Glasgow returned to form last week against an admittedly injury-ravaged Scarlets. Indeed, but for a number of handling errors in the first half they would surely have run up more than 60 points. Naturally much of the attention has been directed at their Fijian-Wallaby recruit, Tequele Naiyaravoro. He is something else, even in these days of giant wingers, capable when in full flight of sending almost any tackler flying backwards.
It’s no wonder if Lee Jones, a fast and skilful, but much smaller, wing may see his future in the Sevens game, especially since he must have a good chance of making the Great Britain Olympic squad next summer, though, between his globe-trotting with Scotland Sevens, he is on the bench for the return Scarlets game today. It’s worth remarking that there is still a place in rugby for the light and quick-footed wing. Even after Jonah Lomu showed how power allied to pace could be devastating, Shane Williams and Vincent Clerc scored lots of tries for both club and country.
Still Naiyaravoro is obviously a wonderful signing for Glasgow; nobody is going to enjoy lining up against him. The Italian flanker Simone Favaro is another fine recruit, a player who evidently loves tackling. When Niko Matawalu, DTH van der Merwe and Sean Maitland all moved on at the end of last season, one wondered how Gregor Townsend would replace them. Naiyaravoro and Favaro go some way to answering that question.
Townsend’s invitation to Mike Blair to return to Scotland looks every bit as astute. Blair has played for Brive and Newcastle in the three years since he retired from international rugby, and the original suggestion seemed to be that his role at Scotstoun would be as much that of a mentor of young scrum-halves as a player. The injury to Henry Pyrgos changed things, and his form has made him, for the moment anyway, the first choice No 9. He ran the show for the hour he was on the field against the Scarlets. Always among the most intelligent of scrum-halves, he looked every bit as good as in his Scotland days. One has the impression that, for the first time since Andy Robinson and Rob Moffat were coaching Edinburgh, he is in a team whose style suits him perfectly.
Glasgow may still suffer the consequences of their first half against Northampton when they were overwhelmed up front and, to qualify for the quarter-finals of the European Cup, they will probably need more four-try bonus points as well as victories, but at last their season seems to be properly underway.
Elsewhere, the highlight of last weekend’s round of matches was Ulster’s remarkable demolition of Toulouse. Admittedly I can’t recall ever seeing Toulouse play quite as badly as they did in Belfast, and their former All Black fly-half Luke McAllister had the sort of game that players of his quality usually only experience in, one supposes, nightmares. Nevertheless Ulster were quite outstanding. Ruan Pienaar was rightly named as Man of the Match, but I was even more impressed by the quality of fly half Paddy Jackson’s passing. Ulster now look the only Irish side good enough to reach the quarter-finals. Leinster are definitely out of it, and Munster lost to Leicester at Thomond Park, conceding two soft tries that one couldn’t imagine the old Munster leaking in their Limerick fortress.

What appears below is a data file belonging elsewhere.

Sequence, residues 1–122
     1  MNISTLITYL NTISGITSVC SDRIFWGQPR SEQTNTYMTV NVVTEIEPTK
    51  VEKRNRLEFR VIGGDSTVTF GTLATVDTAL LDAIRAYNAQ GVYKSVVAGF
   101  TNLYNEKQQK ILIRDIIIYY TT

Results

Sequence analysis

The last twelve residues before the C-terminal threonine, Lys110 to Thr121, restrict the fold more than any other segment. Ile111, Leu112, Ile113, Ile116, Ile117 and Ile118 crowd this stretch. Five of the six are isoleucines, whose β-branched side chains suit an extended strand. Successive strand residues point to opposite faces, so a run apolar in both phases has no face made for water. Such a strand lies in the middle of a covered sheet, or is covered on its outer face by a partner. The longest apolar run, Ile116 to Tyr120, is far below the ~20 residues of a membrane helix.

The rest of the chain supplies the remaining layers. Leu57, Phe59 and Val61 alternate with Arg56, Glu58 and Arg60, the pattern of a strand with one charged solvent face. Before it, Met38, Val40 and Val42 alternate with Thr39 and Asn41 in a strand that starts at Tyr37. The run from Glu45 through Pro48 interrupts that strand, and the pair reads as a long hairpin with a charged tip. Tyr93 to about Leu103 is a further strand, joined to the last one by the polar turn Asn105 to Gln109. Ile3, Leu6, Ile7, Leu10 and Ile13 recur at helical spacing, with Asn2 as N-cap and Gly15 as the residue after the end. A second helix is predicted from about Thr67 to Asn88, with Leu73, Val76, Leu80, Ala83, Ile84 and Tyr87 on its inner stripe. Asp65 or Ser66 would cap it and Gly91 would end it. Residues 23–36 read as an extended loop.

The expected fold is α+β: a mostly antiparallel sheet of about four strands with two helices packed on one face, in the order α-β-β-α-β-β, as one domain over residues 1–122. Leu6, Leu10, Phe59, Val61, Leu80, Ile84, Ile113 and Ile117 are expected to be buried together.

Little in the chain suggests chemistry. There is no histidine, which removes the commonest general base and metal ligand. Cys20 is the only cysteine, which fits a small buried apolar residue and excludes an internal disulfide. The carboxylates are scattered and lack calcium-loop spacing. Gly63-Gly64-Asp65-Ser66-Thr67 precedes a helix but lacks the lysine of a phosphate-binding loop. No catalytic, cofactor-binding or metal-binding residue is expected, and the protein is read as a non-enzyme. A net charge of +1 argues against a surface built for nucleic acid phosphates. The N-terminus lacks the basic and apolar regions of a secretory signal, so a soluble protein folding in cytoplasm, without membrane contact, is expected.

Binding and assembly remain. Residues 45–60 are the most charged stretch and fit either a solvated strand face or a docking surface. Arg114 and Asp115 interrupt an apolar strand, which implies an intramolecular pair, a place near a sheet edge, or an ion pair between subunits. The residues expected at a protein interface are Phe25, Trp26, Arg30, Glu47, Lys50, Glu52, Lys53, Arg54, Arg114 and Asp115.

Down south Eddie Jones is evidently preparing to put his stamp on the England team. If he is indeed, as speculation has it, intending to give the captaincy to Dylan Hartley, this would certainly mark an abrupt departure from the principles of the Stuart Lancaster years. Whatever Hartley’s qualities as a player, he is a serial offender, guilty at different times of gouging, biting, head-butting and stamping. Lancaster wanted his team to connect with the public and to be admired and loved. If Jones indeed makes Hartley captain, it will be a sign that he doesn’t give a damn about all that. Whether the high heid-yins at Twickenham approve is probably irrelevant.
For the moment at least Jones is the man in charge, given a free hand. His decisions won’t be challenged unless his team loses matches. As ever with an England coach, his main problem will be selection. There are probably more players of international class in England than in Scotland, Wales and Ireland put together. His experience and success with Japan is hardly relevant.
Meanwhile the club-v-country question has been raised by Bristol’s reluctance to release Steve Borthwick, whom Jones wants as his forwards coach. Given how little time coaches have with players before and during the Six Nations, one would have thought compromise possible and indeed sensible. After all Matt Taylor doubles successfully as defence coach with both Glasgow and Scotland.